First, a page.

Expected to open in the spring of 2019, Home 2 Suites in Brantford is a six-storey project by Hilton Hotels that will add 90 suites to this busy community.
Developed by Vrancor Group, the general contractor is M2 Construction Management and the project has been supported by Stubbe’s Precast and other subcontractors from the Brantford, Hamilton, Kitchener/Waterloo and surrounding areas.
Stubbe’s project manager Frans VandenHeuvel says the building is a total precast structure with an area of 10,915 sq. ft. on the typical floors and 12,357 sq. ft. on the ground floor. All walls, columns, beams, floors, stairs and landings were supplied and installed by Stubbe’s Precast.
The hotel consists of 90 suites on levels two through six with all amenities located on the ground floor. These include a lounge area/lobby, breakfast and server areas, pool, games room, golf simulator and fitness room. The exterior design includes a trellis with seating and a barbeque area off the lounge as well as a lounge area outside of the pool.
Building on 35 years of precast experience, he says that over the last decade, the company has combined its innovative precast products to provide an all-inclusive “Total Precast” option, which is rapidly becoming the leading choice for multi-level structures across Ontario.
“We have worked together on multiple projects with Vrancor Group to bring projects to a successful completion and that relationship brought us together to complete another project with Home 2 Suites.”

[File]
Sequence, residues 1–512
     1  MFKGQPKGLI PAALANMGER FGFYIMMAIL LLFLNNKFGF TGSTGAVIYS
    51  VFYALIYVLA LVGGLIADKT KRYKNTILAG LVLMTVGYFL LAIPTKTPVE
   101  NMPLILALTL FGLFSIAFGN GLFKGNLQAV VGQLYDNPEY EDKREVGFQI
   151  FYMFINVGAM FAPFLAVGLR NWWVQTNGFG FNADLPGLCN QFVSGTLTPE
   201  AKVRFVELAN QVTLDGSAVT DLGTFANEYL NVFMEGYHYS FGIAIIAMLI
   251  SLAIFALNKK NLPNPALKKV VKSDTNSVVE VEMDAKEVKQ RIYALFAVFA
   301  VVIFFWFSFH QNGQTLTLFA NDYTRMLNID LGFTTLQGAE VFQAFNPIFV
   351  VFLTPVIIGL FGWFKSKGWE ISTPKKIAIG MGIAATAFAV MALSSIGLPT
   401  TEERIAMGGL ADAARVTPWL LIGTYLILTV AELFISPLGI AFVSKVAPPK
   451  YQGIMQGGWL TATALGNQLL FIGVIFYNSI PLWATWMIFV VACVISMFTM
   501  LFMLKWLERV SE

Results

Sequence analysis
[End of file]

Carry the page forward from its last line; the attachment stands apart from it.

Project designers wanted to eliminate the precast inverted tee beams to create a flush ceiling on the ground floor. “On previous projects with the developer they have had problems running their mechanical, electrical, plumbing and sprinkler lines around the beams, often running out of space in the corridors.”
To achieve the goal, he says the team used precast “wall beams” to replace the inverted tee beams and extended the second floor walls down to the underside of the second floor slabs and welded angles to cast-in plates to support the second floor.
“These second floor walls were then heavily reinforced to transfer the load from the building above to the supporting columns, eliminating the need for the inverted tee beams.”
VandeHeuval said it is important for pre-cast projects to co-ordinate all openings and cast-ins in the walls for mechanical, electrical, plumbing and sprinkler ahead of time, as well as larger openings in the floors that cannot be cored on site. “To co-ordinate this we had multiple meetings with the designers and contractors to review their requirements and show them on the shop drawings.”
Precast concrete is a natural choice for sustainability. “A total precast concrete building is built using primarily regionally sourced materials, which are then used to manufacture the product locally to the site, all minimizing the transportation distances and greenhouse gas emissions. A percentage of the reinforcement also comes from recycled materials, reducing the impact of waste.”
Furthermore, VandenHeuvel says, precast reduces site waste and as well as at the factory. “As the product is manufactured in a controlled environment, we are able to limit the amount of waste that is generated, and any waste that is generated is mostly recyclable.”
He adds that total precast concrete structure also provide a high thermal mass, reducing the buildings heating and cooling costs by storing heat and limiting temperature fluctuations.
The building went up quickly, as well.
“Using the total precast structural system we were able to fully erect the building in 30 working days,” he said. “This allowed the trades to follow behind closely to close in and finish the building, reducing the overall construction duration while providing added quality.”